A bit of a change from my usual read and satisfying if not quite setting off the buzzer labelled “super, fantastic, great!”
3 from 5
I obtained my copy by swapping with another member on the Readitswapit website. ( )
  col2910 | Sep 28, 2013 |
Nicolas Freeling's THE KING OF A RAINY COUNTRY was the 1967 Edgar winner for Best Novel. I was already reading a lot of mysteries in 1966, and Freeling's name was familiar to me from library shelves, but for some reason I'd never picked one up. In this case, I think I will need to read at least one more of the Van der Valk books before I can figure out exactly what I think! So far, 6 out of 14 Edgar winners have been series books, if you count Ed Lacy's ROOM TO SWING (he wrote a sequel many years later, but at the time it wasn't a series). I'm also not sure whether THE QUILLER MEMORANDUM was the first of the Quiller series. Anyway, the standard for a series book becoming a Best Novel winner seems to require something special. THE KING OF A RAINY COUNTRY -- well, a title out of Baudelaire should tip you off right away that this is going to be, as my spouse said, "weird." It's full of philosophy and philosophizing (and stereotyping of the various European nationalities). For me, it was a bit too talky, but still good enough to make me want to check out another of the Van der Valk books to compare with it. For what it's worth, I've never been a big Maigret fan either, and some of the jacket blurbs compared Van der Valk to Maigret. ( )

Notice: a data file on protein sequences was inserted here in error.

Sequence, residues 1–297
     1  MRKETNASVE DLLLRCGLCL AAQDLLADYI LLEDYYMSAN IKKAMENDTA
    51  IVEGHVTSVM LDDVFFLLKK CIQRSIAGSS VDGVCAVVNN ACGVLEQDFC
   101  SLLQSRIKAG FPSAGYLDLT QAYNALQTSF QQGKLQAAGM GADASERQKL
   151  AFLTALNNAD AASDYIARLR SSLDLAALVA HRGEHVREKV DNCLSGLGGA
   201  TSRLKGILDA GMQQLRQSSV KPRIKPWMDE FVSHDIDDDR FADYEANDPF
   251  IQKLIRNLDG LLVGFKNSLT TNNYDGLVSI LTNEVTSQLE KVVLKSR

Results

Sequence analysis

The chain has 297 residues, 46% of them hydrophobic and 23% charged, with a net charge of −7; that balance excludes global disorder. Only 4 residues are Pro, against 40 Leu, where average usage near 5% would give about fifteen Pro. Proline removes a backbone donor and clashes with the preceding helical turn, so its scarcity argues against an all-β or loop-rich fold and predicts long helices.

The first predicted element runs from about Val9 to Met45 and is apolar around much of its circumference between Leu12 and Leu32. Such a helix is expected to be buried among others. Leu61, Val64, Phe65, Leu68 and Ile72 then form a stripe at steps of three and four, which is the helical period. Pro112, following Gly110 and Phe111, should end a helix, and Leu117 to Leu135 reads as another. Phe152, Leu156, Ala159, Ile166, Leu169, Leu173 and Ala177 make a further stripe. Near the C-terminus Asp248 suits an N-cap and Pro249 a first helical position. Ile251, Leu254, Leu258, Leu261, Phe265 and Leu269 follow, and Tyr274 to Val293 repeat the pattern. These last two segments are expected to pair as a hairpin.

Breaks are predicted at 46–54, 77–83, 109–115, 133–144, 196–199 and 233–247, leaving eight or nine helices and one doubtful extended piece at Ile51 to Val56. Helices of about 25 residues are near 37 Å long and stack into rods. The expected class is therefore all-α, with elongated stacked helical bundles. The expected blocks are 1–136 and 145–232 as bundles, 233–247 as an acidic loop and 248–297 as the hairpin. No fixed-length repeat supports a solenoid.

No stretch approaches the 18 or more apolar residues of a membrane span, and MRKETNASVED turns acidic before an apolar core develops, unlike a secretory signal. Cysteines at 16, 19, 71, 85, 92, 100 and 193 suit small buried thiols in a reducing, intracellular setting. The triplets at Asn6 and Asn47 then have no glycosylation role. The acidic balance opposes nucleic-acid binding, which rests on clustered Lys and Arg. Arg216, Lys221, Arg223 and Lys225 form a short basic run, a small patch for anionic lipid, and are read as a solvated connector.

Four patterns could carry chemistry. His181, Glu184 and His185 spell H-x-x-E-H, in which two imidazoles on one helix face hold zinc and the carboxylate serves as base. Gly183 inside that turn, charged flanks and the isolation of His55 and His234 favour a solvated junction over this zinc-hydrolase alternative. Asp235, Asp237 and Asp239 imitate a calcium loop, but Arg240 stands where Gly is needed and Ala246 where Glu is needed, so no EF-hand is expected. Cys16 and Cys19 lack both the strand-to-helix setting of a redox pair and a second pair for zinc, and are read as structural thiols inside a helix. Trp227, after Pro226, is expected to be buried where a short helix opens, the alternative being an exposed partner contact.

auntieknickers | Apr 3, 2013 |
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Amazon.com Product Description (ISBN 0140028536, Paperback)

A Van der Valk Thriller - On a parched Spanish hillside, Van der Valk spills blood and splinters bone. A handsome millionaire is missing. A naked girl has disappeared with him. Van der Valk has the arduous task of finding out why and where they are. And some people would shoot him for trying.

(retrieved from Amazon Thu, 12 Mar 2015 18:12:36 -0400)

The end had not happened in a rainy country, but on a bone-dry Spanish hillside, 300 metres from where Van der Valk had left a lot of blood, some splintered bone, a few fragments of gut, and a ten-seventy-five Mauser rifle bullet. No one had broken any laws. But a handsome, middle-aged millionaire had disappeared with a naked girl. And Van der Valk was given the job of finding out why.… (more)